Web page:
SysEndTime DATETIME2 GENERATED ALWAYS AS ROW END NOT NULL,
 PERIOD FOR SYSTEM_TIME (SysStartTime,SysEndTime),
CONSTRAINT PK_Employees PRIMARY KEY CLUSTERED (ID),
INDEX IX_LastName_FirstName (LastName,FirstName),

)
WITH (SYSTEM_VERSIONING = ON(HISTORY_TABLE = dbo.EmployeeHistory));

ALTER TABLE dbo.Employee ADD CONSTRAINT DF_SysStart DEFAULT SYSUTCDATETIME() FOR SysStartTime;
ALTER TABLE dbo.Employee ADD CONSTRAINT DF_SysEndTime DEFAULT SYSUTCDATETIME() FOR SysEndTime;

DROP INDEX IX_EmployeeHistory ON dbo.Employeehistory;

CREATE CLUSTERED COLUMNSTORE INDEX IX_CC ON dbo.EmployeeHistory;

 

Indexing Decisions for Temporal Tables

Per MS Docs, if you are creating this table as a temporal table for the purpose of auditing row changes, then a clustered rowstore index on the  SysStartTime, SysEndtime and the PK columns of the temporal table is a good choice. Otherwise, a clustered columnstore index is a good choice for analytic queries.

How to Handle Data Retention for Temporal Tables

The simplest option for managing data retention on a history table is to use
the HISTORY_RETENTION_PERIOD = syntax. The available time units for history retention are DAYS, WEEKS, MONTHS, YEARS. SQL Server then uses this information to manage the deletion of data from the history table for you. notice below I have added HISTORY_RETENTION_PERIOD = 6 MONTHS to the syntax.

CREATE TABLE dbo.Employee
(
ID INT IDENTITY(1,1) NOT NULL,
LastName VARCHAR(100) NOT NULL,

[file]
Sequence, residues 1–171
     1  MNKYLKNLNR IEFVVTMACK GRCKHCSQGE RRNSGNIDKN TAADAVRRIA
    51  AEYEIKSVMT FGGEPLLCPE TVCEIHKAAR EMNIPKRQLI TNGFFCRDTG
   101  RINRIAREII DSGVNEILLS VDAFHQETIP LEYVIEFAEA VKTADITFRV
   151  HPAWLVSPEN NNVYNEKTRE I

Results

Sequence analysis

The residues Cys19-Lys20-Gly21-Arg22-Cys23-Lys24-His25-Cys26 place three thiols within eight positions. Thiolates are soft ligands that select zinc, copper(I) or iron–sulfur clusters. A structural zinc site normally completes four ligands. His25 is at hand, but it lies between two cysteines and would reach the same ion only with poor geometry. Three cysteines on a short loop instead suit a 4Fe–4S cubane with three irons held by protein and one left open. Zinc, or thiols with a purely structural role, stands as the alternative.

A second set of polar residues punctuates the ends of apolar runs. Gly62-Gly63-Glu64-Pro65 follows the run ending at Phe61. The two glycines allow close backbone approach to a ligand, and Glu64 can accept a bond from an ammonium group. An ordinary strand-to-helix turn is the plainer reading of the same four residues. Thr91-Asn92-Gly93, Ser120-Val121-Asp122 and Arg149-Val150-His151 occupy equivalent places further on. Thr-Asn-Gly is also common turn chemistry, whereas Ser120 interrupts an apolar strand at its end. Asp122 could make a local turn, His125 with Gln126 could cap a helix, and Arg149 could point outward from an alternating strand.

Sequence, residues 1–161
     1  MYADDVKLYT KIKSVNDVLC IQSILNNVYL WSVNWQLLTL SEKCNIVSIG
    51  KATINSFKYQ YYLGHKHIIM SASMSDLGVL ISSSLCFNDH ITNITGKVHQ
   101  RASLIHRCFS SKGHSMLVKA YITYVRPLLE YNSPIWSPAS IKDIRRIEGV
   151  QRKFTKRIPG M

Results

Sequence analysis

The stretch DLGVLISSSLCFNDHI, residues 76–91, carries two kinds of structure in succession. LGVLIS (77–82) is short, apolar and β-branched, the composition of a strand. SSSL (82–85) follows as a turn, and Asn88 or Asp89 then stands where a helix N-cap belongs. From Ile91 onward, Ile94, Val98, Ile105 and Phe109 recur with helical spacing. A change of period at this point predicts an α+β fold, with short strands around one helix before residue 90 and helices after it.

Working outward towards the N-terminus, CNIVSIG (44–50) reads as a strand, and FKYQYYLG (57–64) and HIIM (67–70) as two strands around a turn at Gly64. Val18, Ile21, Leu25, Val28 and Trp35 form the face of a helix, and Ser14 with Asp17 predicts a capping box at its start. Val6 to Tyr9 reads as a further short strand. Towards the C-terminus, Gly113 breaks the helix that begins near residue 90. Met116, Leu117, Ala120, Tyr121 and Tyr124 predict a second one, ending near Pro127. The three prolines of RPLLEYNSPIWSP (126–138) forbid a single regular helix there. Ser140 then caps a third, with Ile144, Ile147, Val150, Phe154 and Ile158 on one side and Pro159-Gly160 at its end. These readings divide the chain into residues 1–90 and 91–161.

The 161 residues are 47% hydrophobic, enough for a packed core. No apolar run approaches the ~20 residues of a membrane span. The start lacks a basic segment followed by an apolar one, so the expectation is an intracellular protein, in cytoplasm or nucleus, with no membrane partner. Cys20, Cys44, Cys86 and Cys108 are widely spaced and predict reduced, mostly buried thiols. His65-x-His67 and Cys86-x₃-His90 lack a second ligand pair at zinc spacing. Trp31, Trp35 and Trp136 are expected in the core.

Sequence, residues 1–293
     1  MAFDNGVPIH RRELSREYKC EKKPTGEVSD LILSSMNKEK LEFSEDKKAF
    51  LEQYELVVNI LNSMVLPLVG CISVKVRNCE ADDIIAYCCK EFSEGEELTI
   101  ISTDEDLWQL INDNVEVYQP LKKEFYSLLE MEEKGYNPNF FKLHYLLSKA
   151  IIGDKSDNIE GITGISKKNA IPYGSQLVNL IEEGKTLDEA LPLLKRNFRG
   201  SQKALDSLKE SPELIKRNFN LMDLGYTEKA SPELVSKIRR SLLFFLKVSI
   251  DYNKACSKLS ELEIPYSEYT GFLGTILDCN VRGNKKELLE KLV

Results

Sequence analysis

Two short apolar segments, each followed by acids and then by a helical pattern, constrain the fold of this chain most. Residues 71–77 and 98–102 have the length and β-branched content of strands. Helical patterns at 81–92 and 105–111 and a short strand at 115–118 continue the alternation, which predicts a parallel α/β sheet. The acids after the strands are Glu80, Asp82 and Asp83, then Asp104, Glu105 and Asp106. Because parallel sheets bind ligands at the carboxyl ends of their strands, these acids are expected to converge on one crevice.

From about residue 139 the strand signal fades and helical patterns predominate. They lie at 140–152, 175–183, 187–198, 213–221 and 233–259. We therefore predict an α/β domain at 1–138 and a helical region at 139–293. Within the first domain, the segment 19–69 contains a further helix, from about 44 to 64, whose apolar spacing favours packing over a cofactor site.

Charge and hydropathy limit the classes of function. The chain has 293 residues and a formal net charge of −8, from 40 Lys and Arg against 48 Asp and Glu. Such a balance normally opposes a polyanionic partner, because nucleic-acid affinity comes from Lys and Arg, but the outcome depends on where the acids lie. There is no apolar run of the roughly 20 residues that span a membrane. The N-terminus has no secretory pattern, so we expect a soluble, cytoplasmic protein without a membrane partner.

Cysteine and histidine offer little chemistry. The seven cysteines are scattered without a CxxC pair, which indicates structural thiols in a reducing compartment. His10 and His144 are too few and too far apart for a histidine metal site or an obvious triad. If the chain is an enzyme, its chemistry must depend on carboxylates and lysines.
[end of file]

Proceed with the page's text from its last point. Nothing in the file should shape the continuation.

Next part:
FirstName VARCHAR(75) NOT NULL,
JobTitle VARCHAR(50) NOT NULL,
BirthDate DATE NOT NULL,
HireDate DATE NOT NULL,
SysStartTime DATETIME2 GENERATED ALWAYS AS ROW START NOT NULL,
SysEndTime DATETIME2 GENERATED ALWAYS AS ROW END NOT NULL,
 PERIOD FOR SYSTEM_TIME (SysStartTime,SysEndTime),
CONSTRAINT PK_Employees PRIMARY KEY CLUSTERED (ID),
INDEX IX_LastName_FirstName (LastName,FirstName),

)
WITH (SYSTEM_VERSIONING = ON
    (HISTORY_TABLE = dbo.EmployeeHistory,
     HISTORY_RETENTION_PERIOD = 6 MONTHS)
    );

ALTER TABLE dbo.Employee ADD CONSTRAINT DF_SysStart DEFAULT SYSUTCDATETIME() FOR SysStartTime;
ALTER TABLE dbo.Employee ADD CONSTRAINT DF_SysEndTime DEFAULT SYSUTCDATETIME() FOR SysEndTime;

Other options for handling data retention include stretch tables, which place the entire history table, or part of it, in Azure. Partitioning the history table an writing your own custom cleanup script are also options.

Next Steps To Take

  1. Look here for a list of other considerations and limitations.
  2. Think about the tables in your environment where this feature could be useful and do some experimenting.
  3. Talk to your business personnel about this feature and ask them if they know of tables where knowing how the data has changed over time would be helpful. In some cases, you might find that the business is sometimes asked questions about how or when their data changed. This feature is perfect for answering that question.
  4. If you would like help with anything in this post, or with something else related to SQL Server, reach out to me here, or on Twitter, and I’ll be glad to offer assistance.

One Reply to “How to Configure SQL Server Temporal Tables Part 2”

Leave a Reply

Your email address will not be published. Required fields are marked *